Friday, July 05, 2002

High court won't hear farm's appeal




The Associated Press

        COLUMBUS — The Ohio Supreme Court has handed another legal setback to the state's largest egg farm, refusing to hear Buckeye Egg Farm's appeal of a ruling that it wrongfully received permits allowing it to expand its flock by 800,000 chickens in Wyandot County.

        In March, the 10th Ohio District Court of Appeals found that the Ohio Environmental Protection Agency illegally authorized Buckeye Egg to build two new barns near Marseilles.

        Ruling on a lawsuit filed by neighbors of the barns, the court agreed the state EPA failed to test air pollution from the confined-animal operation in 1998 before it granted the permits.

        The Supreme Court's refusal Wednesday to get involved came a day after a Licking County judge ordered Buckeye Egg to begin shutting down its barns in Wyandot and Hardin counties because of a fly outbreak this spring.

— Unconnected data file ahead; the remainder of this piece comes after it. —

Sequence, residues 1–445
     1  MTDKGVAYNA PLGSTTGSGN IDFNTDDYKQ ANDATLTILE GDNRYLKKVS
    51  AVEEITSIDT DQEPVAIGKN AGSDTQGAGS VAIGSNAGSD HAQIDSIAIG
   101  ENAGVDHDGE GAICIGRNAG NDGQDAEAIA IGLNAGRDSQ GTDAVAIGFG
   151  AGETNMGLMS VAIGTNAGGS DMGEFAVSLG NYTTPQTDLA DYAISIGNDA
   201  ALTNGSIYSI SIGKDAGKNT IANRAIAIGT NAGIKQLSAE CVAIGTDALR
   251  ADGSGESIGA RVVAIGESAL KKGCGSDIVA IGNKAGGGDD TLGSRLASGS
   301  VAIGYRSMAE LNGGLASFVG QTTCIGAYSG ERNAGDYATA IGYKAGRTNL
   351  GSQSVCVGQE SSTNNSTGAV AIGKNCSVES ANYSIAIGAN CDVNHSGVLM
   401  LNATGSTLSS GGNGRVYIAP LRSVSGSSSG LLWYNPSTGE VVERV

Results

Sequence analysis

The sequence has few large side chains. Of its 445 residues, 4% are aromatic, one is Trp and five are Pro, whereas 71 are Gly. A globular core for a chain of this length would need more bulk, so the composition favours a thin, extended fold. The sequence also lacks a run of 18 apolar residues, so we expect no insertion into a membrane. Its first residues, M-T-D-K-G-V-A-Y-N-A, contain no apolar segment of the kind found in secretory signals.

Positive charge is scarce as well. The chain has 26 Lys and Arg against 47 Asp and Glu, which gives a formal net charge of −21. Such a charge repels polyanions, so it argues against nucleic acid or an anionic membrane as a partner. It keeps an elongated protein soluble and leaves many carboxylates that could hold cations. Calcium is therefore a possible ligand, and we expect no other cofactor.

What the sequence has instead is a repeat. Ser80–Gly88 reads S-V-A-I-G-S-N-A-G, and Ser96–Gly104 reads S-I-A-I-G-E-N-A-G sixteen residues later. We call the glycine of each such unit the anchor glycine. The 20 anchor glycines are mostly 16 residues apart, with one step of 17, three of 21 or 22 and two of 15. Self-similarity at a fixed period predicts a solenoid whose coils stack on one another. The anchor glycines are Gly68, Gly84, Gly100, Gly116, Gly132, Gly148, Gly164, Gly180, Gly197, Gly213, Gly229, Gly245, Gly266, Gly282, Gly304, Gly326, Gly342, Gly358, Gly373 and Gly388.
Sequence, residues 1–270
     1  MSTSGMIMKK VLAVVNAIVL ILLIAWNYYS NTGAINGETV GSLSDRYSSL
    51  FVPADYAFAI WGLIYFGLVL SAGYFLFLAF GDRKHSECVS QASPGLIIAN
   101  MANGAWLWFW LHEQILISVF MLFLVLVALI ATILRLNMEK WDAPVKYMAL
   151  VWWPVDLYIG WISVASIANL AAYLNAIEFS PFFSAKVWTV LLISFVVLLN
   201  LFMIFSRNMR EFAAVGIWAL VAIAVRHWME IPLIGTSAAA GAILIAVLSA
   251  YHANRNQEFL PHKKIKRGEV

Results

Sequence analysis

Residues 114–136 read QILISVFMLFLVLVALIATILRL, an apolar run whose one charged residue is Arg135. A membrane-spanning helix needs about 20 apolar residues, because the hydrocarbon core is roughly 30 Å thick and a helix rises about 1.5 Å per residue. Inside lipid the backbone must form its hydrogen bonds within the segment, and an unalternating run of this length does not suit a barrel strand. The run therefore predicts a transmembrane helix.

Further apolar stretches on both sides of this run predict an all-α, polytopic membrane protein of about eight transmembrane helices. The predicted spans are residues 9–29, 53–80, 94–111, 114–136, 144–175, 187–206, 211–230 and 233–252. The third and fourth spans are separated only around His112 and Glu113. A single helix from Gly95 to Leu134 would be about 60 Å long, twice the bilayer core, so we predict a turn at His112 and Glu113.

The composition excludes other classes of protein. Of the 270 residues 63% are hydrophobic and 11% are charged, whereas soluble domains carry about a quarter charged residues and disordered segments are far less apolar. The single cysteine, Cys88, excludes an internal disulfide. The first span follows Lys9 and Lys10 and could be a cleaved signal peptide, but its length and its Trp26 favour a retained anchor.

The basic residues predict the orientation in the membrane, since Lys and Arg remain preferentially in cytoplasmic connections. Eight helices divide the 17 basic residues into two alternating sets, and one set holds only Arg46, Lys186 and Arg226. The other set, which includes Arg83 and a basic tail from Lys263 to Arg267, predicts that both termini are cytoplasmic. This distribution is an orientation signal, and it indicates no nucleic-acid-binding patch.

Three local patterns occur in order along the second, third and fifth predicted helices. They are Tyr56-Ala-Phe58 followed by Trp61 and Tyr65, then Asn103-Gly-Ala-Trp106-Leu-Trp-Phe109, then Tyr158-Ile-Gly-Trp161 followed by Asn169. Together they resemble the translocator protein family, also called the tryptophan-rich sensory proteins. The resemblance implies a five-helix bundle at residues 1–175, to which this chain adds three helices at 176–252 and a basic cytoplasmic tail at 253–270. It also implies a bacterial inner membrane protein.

Judge Gregory Frost of Licking County Common Pleas Court ordered the company to shut down one barn every two weeks beginning Aug. 19 until it can show the court the problem has been corrected.

        The appellate court, in its March ruling, said former EPA director Donald Schregardus determined the Marseilles farm was exempt from air pollution regulations without first inspecting it as required under Ohio law.

        It ordered the agency to review the issue.

        Buckeye Egg said a subsequent state inspection showed the company did not need to install equipment to filter air from manure lagoons under the chicken barns.

        But residents persuaded the U.S. EPA to order Buckeye Egg to test the air last summer. The tests found that exhaust from the chicken barns was so dirty that the company should be regulated as a power plant or factory.

        The company has 112 barns with 15.5 million chickens in Wyandot, Hardin and Licking counties in central and northwest Ohio.

       



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